Through 1993, almost all cases of malaria diagnosed in the United States were imported from regions of the world where malaria transmission was known to occur. Each year, a few congenital infections and infections resulting from exposure to infected blood and blood products have been acquired in the United States. In addition, outbreaks of malaria that were probably acquired through local mosquito-borne transmission were identified during 1989-1992 (i.e., California, outbreaks in 1988, 1989, and 1990; Florida, 1990; and New Jersey, 1991) (2-4).

State and/or local health departments and CDC thoroughly investigate all malaria cases acquired in the United States, and CDC conducts an analysis of all imported malaria cases to detect trends in acquisition. This information has been used to guide recommendations for preventing malaria among persons who travel abroad. For example, an increase in P. falciparum malaria among travelers returning from Africa, an area with increasing incidence of chloroquine-resistance, prompted CDC in 1990 to change the recommended chemoprophylaxis from chloroquine to mefloquine (5). This report summarizes malaria cases reported to CDC for 1993.

METHODS Sources of Data

Malaria surveillance is a passive system; cases of blood-slide-confirmed malaria are identified by health-care providers, infection-control practitioners, and/or laboratories. A slide-confirmed case is reported to local and/or state health departments, and a standard form that contains clinical, laboratory, and epidemiologic information is completed. This information is transmitted to the state health department and then to CDC. CDC staff review all report forms at the time of receipt and request additional information if necessary (e.g., if no recent travel is reported or chemoprophylaxis failure is suspected). CDC directly obtains reports of other cases from health-care providers who request assistance with the diagnosis and treatment of malaria. In addition, records of CDC's National Malaria Reference Laboratory are reviewed, and case report forms are completed for all patients who have smear-positive infection that have not already been reported. All cases that have been acquired in the United States are fully investigated, including all induced and congenital cases and possible introduced or cryptic cases. Information derived from uniform case report forms concerning all slide-confirmed cases is entered into a computer data base and analyzed annually.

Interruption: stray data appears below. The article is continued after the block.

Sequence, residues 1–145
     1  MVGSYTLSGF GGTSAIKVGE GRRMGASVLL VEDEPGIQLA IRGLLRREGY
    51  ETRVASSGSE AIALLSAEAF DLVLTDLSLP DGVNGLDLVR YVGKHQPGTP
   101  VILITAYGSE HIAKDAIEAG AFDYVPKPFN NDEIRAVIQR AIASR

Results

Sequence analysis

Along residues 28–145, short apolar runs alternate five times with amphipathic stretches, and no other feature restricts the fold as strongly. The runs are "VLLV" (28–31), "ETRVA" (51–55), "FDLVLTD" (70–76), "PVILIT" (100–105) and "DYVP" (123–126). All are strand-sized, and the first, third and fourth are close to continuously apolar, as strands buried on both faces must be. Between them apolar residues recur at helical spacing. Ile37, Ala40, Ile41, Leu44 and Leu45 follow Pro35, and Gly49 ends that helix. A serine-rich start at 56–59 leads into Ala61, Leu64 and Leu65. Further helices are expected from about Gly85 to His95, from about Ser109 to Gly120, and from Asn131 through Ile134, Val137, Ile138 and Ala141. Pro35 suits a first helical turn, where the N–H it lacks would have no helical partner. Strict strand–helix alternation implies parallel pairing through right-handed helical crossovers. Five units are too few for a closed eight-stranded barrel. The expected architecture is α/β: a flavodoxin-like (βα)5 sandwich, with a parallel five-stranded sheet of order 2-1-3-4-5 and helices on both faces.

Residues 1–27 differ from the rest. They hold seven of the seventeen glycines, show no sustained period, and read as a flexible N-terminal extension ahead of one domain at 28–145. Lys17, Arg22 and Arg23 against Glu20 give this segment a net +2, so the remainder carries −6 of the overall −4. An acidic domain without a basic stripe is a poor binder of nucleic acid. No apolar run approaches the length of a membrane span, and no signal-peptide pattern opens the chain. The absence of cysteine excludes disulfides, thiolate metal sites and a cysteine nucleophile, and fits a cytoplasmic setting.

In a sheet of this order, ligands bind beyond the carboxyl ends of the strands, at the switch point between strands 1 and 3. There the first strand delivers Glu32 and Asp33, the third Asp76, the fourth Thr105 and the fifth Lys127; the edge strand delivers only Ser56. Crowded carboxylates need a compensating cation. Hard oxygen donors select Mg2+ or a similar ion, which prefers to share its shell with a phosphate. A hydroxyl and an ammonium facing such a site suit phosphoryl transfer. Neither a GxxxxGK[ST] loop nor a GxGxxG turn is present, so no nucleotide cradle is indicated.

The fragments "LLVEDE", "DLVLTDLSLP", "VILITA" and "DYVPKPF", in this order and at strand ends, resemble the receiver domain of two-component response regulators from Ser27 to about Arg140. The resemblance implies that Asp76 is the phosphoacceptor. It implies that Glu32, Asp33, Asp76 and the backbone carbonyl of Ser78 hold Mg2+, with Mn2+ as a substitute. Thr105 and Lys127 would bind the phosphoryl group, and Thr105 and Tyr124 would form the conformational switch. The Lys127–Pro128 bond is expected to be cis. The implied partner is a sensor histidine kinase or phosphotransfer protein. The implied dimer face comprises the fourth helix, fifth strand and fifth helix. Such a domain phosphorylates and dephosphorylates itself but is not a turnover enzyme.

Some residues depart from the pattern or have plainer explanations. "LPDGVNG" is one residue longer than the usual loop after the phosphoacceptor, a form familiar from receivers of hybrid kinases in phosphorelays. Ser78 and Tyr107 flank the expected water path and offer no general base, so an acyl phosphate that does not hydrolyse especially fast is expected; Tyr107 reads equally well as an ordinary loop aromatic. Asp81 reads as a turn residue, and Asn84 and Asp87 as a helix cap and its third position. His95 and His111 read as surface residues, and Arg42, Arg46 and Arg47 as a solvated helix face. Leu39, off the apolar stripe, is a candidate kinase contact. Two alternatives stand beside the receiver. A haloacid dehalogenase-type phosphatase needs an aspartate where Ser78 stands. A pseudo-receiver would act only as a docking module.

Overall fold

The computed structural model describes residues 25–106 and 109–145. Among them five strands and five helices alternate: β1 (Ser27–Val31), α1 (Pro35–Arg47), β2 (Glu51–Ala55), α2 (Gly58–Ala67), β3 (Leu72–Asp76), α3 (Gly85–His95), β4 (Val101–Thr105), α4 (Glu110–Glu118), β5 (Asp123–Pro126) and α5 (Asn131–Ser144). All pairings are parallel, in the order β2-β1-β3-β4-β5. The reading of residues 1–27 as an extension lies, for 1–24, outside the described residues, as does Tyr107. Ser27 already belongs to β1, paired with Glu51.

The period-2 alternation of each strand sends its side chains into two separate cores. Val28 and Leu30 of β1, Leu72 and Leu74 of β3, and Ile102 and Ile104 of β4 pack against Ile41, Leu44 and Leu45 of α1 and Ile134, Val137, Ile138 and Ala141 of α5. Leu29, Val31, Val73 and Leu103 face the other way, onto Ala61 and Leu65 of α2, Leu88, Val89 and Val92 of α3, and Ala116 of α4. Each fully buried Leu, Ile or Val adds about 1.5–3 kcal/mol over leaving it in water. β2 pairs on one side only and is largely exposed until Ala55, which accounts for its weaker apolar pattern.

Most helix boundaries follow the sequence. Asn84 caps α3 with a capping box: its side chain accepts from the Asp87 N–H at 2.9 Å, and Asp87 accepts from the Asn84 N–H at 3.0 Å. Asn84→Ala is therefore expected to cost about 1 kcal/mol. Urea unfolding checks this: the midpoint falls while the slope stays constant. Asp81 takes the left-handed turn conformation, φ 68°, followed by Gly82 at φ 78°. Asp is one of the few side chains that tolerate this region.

Definition of Terms

The following definitions are used in this report:

  • Laboratory criteria for diagnosis: Demonstration of malaria parasites in blood films.

  • Confirmed case: Symptomatic or asymptomatic illness that occurs in the United States in a person who has microscopically confirmed malaria parasitemia, regardless of whether the person had previous attacks of malaria while in other countries. A subsequent attack of malaria occurring in a person is counted as an additional case if the demonstrated Plasmodium species differs from the initially identified species. A subsequent attack of malaria occurring in a person while in the United States could indicate a relapsing infection or treatment failure resulting from drug resistance if the demonstrated Plasmodium species is the same species identified previously. *

This report also uses terminology derived from the recommendations of the World Health Organization (WHO) (6). Definitions of the following terms are included for reference.

  • Autochthonous malaria:

    • Indigenous. Malaria acquired by mosquito transmission in an area where malaria occurs regularly.

    • Introduced. Malaria acquired by mosquito transmission from an imported case in an area where malaria does not occur regularly.

  • Imported malaria: Malaria acquired outside a specific area. In this report, imported cases are those acquired outside the United States and its territories.

  • Induced malaria: Malaria acquired through artificial means (e.g., blood transfusion, common syringes, or malariotherapy).

  • Relapsing malaria: Renewed manifestation (i.e., of clinical symptoms and/or parasitemia) of malarial infection that is separated from previous manifestations of the same infection by an interval greater than those caused by the usual periodicity of the paroxysms.

  • Cryptic malaria: An isolated malaria case that cannot be linked epidemiologically to secondary cases.

Microscopic Diagnosis of Malaria